As I walked away, another recruiter handed me the Army's official video game--the full version, "not a demo," according to the package--for my exploits on the rock wall. Naturally, I wouldn't have been allowed in the harness in the first place had I not filled out a form with my name, address, phone and e-mail (Social Security number optional). I realized later that I could have downloaded the game for free, at
The rock wall and the video game are just a couple of the tools the Army employs, costing billions in tax dollars, in an ever-expanding marketing effort designed to bolster enlistments for the United States Global War on Terror, or whatever it's called these days. Despite almost 6 million downloads of its games, the Army announced earlier this month that it's nearly 7,000 recruits shy of its goal of 80,000 for fiscal year 2005, one of the worst gaps since the military draft was abolished in 1974. The shortfall raises questions about the Army's ambitious plan to expand by 40,000 troops over the next several years to help bear the burden of wars in Iraq and Afghanistan.
Kenneth Love is a former Junior Reserve Officer Training Cadet (ROTC) at Washingtonville High School downstate who briefly attended military college in Georgia. He is now doing "counter-recruitment" at his new school, the Rochester Institute of Technology. "After the war {in Iraq} started, the anti-war movement went into a lull. Counter-recruiting became a national, grass-roots movement during that time and now it's the leading edge of a resurgent student anti-war movement," he says.
Ironically, former military types, many once recruiters, who either oppose the war in Iraq or at least object to the military's hard-sell tactics to fill ranks, populate much of the counter-recruitment movement. There are signs, including a new billion-dollar Army television ad campaign out this month, that the Pentagon may be amending its recruiting pitch to include more honesty about the dangers of service. But it remains to be seen if they'll abandon their sales tactics altogether. It's also up in the air whether armed forces recruiters can make their own quotas by telling Gen-Y youth, used to meaningless video game death, that they ought to die, literally, for their country. So far, sales are slow.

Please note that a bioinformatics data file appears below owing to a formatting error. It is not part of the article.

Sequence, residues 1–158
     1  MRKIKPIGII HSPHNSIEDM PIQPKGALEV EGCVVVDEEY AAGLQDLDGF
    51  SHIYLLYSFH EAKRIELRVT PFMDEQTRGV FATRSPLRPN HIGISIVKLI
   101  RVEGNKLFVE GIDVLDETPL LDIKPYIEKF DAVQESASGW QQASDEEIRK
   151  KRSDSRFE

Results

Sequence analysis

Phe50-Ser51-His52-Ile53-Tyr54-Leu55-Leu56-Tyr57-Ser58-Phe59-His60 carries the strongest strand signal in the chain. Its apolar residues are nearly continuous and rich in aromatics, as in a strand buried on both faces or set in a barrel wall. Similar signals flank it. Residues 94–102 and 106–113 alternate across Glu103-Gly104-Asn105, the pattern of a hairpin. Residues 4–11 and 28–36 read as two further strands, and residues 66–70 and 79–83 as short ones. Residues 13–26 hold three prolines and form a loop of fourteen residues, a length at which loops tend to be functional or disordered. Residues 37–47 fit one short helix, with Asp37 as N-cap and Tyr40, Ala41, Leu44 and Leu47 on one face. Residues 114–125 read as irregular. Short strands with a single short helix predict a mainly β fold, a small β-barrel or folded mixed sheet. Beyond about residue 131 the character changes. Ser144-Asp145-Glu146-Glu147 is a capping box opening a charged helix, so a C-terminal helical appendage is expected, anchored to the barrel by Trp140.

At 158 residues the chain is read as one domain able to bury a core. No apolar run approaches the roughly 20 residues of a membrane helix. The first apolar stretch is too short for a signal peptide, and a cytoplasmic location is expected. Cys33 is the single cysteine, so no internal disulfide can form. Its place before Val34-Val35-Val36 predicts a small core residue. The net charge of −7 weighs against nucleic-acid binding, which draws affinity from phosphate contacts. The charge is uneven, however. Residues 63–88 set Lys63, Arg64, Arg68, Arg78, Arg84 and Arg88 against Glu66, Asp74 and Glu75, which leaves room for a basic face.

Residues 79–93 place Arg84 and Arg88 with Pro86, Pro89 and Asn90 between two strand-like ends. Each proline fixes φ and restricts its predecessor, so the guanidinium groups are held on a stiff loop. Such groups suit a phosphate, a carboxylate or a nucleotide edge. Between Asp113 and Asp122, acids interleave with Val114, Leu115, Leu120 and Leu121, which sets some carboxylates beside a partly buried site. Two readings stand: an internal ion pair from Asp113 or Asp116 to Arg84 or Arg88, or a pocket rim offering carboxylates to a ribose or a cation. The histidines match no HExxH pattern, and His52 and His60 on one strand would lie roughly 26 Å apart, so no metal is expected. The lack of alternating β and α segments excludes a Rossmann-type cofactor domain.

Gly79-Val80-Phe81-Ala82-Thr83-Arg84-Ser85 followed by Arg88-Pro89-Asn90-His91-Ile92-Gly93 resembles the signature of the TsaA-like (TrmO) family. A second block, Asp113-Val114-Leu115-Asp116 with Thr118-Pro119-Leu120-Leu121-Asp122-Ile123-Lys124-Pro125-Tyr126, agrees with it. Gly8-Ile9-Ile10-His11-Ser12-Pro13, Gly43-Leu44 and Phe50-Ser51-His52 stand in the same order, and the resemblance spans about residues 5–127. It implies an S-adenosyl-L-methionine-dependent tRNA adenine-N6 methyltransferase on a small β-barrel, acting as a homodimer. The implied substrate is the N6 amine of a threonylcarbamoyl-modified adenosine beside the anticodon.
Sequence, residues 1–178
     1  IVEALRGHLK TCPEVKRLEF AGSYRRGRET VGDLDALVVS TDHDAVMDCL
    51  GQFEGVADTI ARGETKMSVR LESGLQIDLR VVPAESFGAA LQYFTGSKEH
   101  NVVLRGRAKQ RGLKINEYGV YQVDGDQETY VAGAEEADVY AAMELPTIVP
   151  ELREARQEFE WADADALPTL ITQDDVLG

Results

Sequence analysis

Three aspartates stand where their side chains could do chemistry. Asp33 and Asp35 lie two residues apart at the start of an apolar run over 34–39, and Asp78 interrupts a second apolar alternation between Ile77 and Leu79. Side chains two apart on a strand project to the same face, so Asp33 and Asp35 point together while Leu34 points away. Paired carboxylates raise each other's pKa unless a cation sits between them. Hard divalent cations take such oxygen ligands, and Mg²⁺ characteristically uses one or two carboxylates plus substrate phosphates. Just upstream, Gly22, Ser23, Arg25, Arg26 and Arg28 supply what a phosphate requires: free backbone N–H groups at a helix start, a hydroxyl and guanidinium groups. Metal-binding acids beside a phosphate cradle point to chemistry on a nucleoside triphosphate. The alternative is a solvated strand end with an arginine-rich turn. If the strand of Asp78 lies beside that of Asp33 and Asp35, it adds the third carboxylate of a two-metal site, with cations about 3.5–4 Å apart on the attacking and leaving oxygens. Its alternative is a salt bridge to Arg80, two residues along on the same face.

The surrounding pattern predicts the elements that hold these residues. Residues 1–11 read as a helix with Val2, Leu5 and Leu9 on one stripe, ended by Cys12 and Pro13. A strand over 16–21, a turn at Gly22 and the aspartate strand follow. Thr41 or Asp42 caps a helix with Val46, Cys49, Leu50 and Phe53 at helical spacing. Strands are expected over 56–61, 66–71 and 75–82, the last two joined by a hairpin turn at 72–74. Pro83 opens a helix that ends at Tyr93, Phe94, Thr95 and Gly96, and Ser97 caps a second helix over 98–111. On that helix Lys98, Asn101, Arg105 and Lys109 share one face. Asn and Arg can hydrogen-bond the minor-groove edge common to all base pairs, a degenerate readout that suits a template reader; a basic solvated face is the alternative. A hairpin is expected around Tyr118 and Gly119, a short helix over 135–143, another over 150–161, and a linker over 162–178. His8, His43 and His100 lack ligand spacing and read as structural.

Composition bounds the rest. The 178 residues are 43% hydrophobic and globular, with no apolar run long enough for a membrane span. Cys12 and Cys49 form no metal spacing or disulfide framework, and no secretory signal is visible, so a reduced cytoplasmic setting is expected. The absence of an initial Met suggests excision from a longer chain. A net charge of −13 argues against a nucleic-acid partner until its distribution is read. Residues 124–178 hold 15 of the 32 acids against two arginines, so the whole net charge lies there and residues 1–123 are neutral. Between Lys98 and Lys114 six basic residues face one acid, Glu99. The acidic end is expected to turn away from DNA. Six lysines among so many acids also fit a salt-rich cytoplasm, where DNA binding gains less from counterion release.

Wally e-mails to note James Carlson's "No Child Left Unrecruited" (Orlando Weekly):

David Vitter, a Republican senator from Louisiana, attached 9528 to the bill in 2001 after hearing from the Pentagon that many schools were not handing over student information to recruiters. He said at the time he was offended by the "anti-military attitude" these schools displayed.
What Vitter terms "anti-military," many call respecting privacy, and school districts in anti-war pockets of the country have fought back. Schools in San Francisco and Santa Cruz, Calif., have placed the notification on the emergency card, which has to be filled out and returned. Other districts -- New York City is one -- allow students (including minors) to opt themselves out, and Los Angeles schools only release 11th and 12th grade students' information to recruiters.
If it were up to California Democrat Rep. Mike Honda, opting in would be the norm. He introduced the Student Privacy Protection Act of 2005, which requires a parent's consent before a child's information can be released. It has been stalled in the Republican-controlled House Committee on Education since March.
Both the national Parent Teachers Association and the National Education Association support changing section 9528, and has received more than 31,000 opt-out cards. But even with more information getting out across the country, it's the way local districts notify parents that determines the number of opt-outs.
Eighteen percent of Orange County high school students have opted out so far this year. The low percentage might be due to the bulk of papers students bring home at the start of school. The "Public Notice of Parent Rights" letter, which has a box to check for opting out, is sent home with students along with other first-of-the-year materials such as schedules, the student code of conduct and day planners.